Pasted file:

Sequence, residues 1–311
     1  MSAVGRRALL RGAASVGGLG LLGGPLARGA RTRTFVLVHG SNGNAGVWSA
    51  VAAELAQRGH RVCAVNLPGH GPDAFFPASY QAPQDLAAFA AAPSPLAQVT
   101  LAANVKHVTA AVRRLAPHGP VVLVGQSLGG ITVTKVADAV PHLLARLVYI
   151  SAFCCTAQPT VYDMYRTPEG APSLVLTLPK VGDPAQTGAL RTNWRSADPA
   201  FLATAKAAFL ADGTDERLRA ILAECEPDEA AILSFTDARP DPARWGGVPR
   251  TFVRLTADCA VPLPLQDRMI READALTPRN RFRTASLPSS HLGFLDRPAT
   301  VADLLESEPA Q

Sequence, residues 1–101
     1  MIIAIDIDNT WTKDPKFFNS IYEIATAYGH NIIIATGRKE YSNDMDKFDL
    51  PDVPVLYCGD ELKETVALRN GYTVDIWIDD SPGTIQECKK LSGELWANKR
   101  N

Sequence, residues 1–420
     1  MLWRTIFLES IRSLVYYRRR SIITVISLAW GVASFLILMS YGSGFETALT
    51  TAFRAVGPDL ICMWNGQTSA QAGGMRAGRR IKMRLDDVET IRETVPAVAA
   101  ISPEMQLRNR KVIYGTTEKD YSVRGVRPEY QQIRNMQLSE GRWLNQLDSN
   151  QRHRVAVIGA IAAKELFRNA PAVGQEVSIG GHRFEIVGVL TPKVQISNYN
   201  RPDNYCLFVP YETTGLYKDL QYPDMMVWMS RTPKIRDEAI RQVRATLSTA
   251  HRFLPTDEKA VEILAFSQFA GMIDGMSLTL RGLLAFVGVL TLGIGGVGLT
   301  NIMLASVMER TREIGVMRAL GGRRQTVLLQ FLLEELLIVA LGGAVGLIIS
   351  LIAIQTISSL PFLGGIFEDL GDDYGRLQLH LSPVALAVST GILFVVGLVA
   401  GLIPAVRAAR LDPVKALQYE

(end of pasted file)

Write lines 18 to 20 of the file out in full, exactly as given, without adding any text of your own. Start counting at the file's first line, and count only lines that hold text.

   201  RPDNYCLFVP YETTGLYKDL QYPDMMVWMS RTPKIRDEAI RQVRATLSTA
   251  HRFLPTDEKA VEILAFSQFA GMIDGMSLTL RGLLAFVGVL TLGIGGVGLT
   301  NIMLASVMER TREIGVMRAL GGRRQTVLLQ FLLEELLIVA LGGAVGLIIS